A real thing for plas­tic

Ac­claimed artist cre­ates ex­tra­or­di­nary work from bits and pieces that most of us see only as rub­bish

Weekend Argus (Saturday Edition) - - GOOD ART -

BONGEKILE MACUPE

IN­TER­NA­TION­ALLY-ac­claimed “green” artist Mbon­geni Buthelezi sees his work as a mes­sage of hope. Like the dirty plas­tic he picks up and turns into art, he be­lieves that any­one can change their sit­u­a­tion and turn it into some­thing they ad­mire. Week­end Ar­gus caught up with the Jo­han­nes­burg-based artist who is busy with a na­tional trav­el­ling ex­hi­bi­tion in a bid to pro­mote his unique “green” art.

When did you start do­ing art?

I’ve been an artist for 20 years. I started do­ing the or­di­nary stuff, which is paint­ing and draw­ing.

What in­spired your “green” art?

In 1991, af­ter the paint­ing and draw­ing, I wanted to ex­per­i­ment with some­thing dif­fer­ent. I also re­alised that in this in­dus­try one needs to be ex­tra­or­di­nary to stand out. I de­cided to try and de­velop some­thing that has never been seen as a form of art, but some­thing that’s seen as rub­bish, prob­lem­atic and dirty. I was re­garded as a rub­bish col­lec­tor. How­ever, plas­tic is a very se­ri­ous form of art and I see my­self as a per­son who con­trib­utes to­wards the en­vi­ron­ment; I do not look at my­self as an en­vi­ron­men­tal­ist but I make a dif­fer­ence.

How do you col­lect your ma­te­rial?

Some­one col­lects it for me and I also work with a re­cy­cling com­pany. But if I see some beau­ti­ful pur­ple plas­tic I stop and pick it up. How­ever, I’m not a rub­bish col­lec­tor; I am an artist.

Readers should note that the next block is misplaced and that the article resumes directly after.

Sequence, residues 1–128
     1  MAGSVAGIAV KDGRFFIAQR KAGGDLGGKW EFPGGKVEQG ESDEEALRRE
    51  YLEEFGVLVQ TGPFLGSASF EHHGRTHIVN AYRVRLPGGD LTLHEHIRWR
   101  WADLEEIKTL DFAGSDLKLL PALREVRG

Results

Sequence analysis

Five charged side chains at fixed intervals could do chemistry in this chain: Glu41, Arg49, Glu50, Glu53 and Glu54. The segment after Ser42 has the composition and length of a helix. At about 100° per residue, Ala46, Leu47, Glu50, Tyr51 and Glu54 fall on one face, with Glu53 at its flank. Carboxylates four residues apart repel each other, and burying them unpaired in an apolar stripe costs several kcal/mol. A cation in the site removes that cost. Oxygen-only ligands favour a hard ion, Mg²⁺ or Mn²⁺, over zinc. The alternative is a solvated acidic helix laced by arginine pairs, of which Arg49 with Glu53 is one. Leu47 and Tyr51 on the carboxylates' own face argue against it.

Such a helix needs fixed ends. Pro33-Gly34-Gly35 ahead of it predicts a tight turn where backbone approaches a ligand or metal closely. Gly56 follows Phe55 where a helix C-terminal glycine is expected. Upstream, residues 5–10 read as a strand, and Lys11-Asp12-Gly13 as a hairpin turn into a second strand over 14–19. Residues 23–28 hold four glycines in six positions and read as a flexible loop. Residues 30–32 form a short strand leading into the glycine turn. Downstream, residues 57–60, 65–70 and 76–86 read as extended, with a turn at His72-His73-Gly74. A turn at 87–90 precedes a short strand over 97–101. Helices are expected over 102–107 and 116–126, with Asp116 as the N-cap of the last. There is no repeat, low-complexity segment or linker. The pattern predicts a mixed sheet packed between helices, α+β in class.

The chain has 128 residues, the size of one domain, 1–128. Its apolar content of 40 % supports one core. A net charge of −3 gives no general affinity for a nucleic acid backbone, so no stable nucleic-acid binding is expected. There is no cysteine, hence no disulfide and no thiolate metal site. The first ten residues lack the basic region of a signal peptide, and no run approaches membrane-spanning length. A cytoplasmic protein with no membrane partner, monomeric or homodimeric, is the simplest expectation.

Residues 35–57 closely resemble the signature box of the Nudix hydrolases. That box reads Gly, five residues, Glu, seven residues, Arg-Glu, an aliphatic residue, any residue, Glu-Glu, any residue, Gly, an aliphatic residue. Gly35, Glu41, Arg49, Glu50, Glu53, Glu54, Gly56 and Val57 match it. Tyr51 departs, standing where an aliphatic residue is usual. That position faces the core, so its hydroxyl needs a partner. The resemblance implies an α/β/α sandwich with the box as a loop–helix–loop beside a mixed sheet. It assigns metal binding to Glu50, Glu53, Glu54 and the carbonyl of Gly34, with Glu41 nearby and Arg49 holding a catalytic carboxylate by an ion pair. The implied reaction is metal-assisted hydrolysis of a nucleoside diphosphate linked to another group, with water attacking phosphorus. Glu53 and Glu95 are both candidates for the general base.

Have you used other ma­te­ri­als be­fore?

Yes. My back­ground is for­mal draw­ing. How­ever, I felt bored. Ev­ery Tom, Dick and Harry does that. I wanted to do art that is dif­fer­ent. I wanted to use some­thing dif­fer­ent to ex­press my­self. It is a fas­ci­nat­ing process.

I dis­cover new things all the time. I find a new lan­guage ev­ery day. The paint­ings re­spond dif­fer­ently all the time – that leads me to take it fur­ther. The medium tells me to try new ways. At some stage I look at my work and ask the ques­tion, “how did I come to this?” Ev­ery corner of my art is dif­fer­ent from an­other. I’ve got 20 tech­niques that I use. It goes be­yond the plas­tic – it’s fun.

Where do you get your ideas?

I am a hu­man be­ing; I stay with other hu­man be­ings and I pick up so many things from them and I trans­late that in my work.

I like do­ing por­traits – they’re in­ter­est­ing be­cause you cap­ture fas-

cinat­ing ex­pres­sions. Peo­ple have dif­fer­ent masks. The hu­man body needs to be ex­plored. A woman’s body is such a beau­ti­ful art work on its own.

How do you feel about the state of art in South Africa?

I’m from the old school of artists, but I be­lieve it has changed for the bet­ter. There are bet­ter op­por­tu­ni­ties for artists now.

There are gal­leries that show­case black artists. Artists now travel and share ex­pe­ri­ences with other artists. It is re­ally im­prov­ing.

Do you think more artists should fol­low your ex­am­ple in terms of us­ing re­cy­clable ma­te­rial in their art?

I wouldn’t say they should fol­low what I do; they can learn from what I do, learn, ap­pre­ci­ate and be able to use it dif­fer­ently.

In Bloemfontein I did work­shops with young peo­ple – that was a way of say­ing, “look at what you can achieve as an artist”.

You can break away from this and grow from it. You do not lose any­thing if you share your knowl-

edge with young peo­ple.

How do you feel about the World Cup?

It is a good thing. It has given peo­ple jobs, roads have been im­proved and we now have the Gau­train – all that is pos­i­tive. As an artist I don’t think it is go­ing to ben­e­fit me, but I’ve been in­vited to take part in ex­hi­bi­tions . But we need to look be­yond June and July – peo­ple are so ob­sessed about this one month. I’m not re­ally crazy about it. I’ll still be an artist even af­ter the World Cup. The strug­gle con­tin­ues.

DIF­FER­ENT: Mbon­geni Buthelezi, 45, with one of his works of art, made of re­cy­clable ma­te­ri­als.

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